Unit 6: Clinical Operations
Clinical administration

Section 1. Health Records


Health records are privileged or confidential communications between patient and health professional. Disclosure of a health record must be made only with the written permission of a patient to a person designated by the patient, such as the patient's attorney or health professional. Case law and subsequent legislation have consistently supported the patient's right to confidentiality. Under the law, all patient communication with the health professional must be kept confidential unless disclosure is specifically authorized by the patient.

The information in health records is considered the property of both the patient and the clinic, but the physical records themselves belong to the clinic. Patients or their agents are entitled to a complete copy of the records, but clinics may charge a reasonable copying fee before releasing the records. Other parties requesting patient records (including licensing or regulatory agencies, credentialing panels, public health agencies, spouses, and employers) must first obtain the patient's consent.

Guidelines to minimize risk when releasing information from a patient’s records:

  • Receive written authorization before releasing information.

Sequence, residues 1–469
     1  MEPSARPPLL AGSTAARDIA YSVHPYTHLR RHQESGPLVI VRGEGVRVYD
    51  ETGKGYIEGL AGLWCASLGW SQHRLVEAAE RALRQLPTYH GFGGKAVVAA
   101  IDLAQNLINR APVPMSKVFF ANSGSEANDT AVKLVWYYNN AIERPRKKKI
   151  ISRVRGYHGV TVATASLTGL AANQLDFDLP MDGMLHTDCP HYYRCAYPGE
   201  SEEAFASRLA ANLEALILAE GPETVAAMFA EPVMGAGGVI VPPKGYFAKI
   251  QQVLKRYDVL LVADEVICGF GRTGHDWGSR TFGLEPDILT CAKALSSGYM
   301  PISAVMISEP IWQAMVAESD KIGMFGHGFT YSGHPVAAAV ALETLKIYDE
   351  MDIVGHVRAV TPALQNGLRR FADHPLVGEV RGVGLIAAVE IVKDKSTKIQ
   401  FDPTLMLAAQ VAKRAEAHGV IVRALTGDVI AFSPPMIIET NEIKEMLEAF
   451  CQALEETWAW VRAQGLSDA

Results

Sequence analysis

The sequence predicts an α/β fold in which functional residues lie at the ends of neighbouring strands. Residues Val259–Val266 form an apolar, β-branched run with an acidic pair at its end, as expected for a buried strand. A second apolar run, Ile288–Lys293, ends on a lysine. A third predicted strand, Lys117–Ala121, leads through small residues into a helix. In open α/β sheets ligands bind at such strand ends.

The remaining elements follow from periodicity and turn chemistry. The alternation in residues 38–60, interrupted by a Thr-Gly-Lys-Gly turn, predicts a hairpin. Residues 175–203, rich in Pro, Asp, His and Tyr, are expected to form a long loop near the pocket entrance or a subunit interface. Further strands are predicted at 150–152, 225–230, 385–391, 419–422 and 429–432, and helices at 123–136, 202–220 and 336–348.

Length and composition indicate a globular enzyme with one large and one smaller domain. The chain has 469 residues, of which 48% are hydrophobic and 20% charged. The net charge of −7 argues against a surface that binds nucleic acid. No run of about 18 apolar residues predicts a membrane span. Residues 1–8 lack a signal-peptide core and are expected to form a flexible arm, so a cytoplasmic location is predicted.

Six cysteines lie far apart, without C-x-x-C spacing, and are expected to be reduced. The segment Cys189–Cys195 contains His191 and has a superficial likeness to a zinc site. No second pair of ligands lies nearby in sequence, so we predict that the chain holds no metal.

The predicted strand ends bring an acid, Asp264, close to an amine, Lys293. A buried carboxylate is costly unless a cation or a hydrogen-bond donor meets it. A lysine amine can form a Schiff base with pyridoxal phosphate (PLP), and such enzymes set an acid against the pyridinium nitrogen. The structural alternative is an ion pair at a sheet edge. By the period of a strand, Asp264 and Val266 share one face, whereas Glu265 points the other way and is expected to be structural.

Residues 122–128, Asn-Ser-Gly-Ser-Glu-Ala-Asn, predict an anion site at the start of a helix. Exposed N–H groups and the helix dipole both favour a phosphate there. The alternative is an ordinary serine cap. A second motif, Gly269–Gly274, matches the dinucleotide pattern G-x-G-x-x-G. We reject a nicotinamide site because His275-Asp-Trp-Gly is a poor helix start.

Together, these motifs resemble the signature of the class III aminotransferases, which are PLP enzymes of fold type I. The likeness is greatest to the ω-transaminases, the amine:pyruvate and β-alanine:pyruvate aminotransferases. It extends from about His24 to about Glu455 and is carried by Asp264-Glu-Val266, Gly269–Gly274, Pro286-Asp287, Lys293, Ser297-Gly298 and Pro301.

• In addition to the patient, the parent (if the patient is a minor), legal guardian, or person with health care power of attorney may provide written permission to release the confidential record.
  • Keep a copy of the consent form for release of the record with the records, in case questions arise later.
  • Be prepared to release records in response to a properly issued court subpoena. (Check with an attorney or insurance representative to ensure that the subpoena was properly issued and that the documents are not protected from disclosure by another privilege.)
Often, government agencies have specific statutory authority to obtain personal health information. If that is the case, the information may be disclosed to the government agency without the authorization of the patient or legal representative. (See 42 USC 1320-d7(b).)

Health Insurance Portability and Accountability Act

The Health Insurance Portability and Accountability Act (HIPAA) requires any health professional who transmits health information in an electronic transaction to use a standard format and to abide by certain privacy requirements. HIPAA exempts health professionals who transact personal health information only in a paper format. If the health professional conducts some covered transactions of personal health information electronically and some in a paper format, then all transactions (paper or electronic) must comply with HIPAA.

Additionally, the HIPAA privacy rule requires activities such as the following:

  • Notifying patients about their privacy rights and how their information can be used.
  • Adopting and implementing privacy procedures for the clinic.
  • Training employees so that they understand the privacy procedures.
  • Designating an individual to be responsible for seeing that the privacy procedures are adopted and followed.
  • Securing patient records containing individually identifiable health information so that they are not readily available to those who should not have access to them.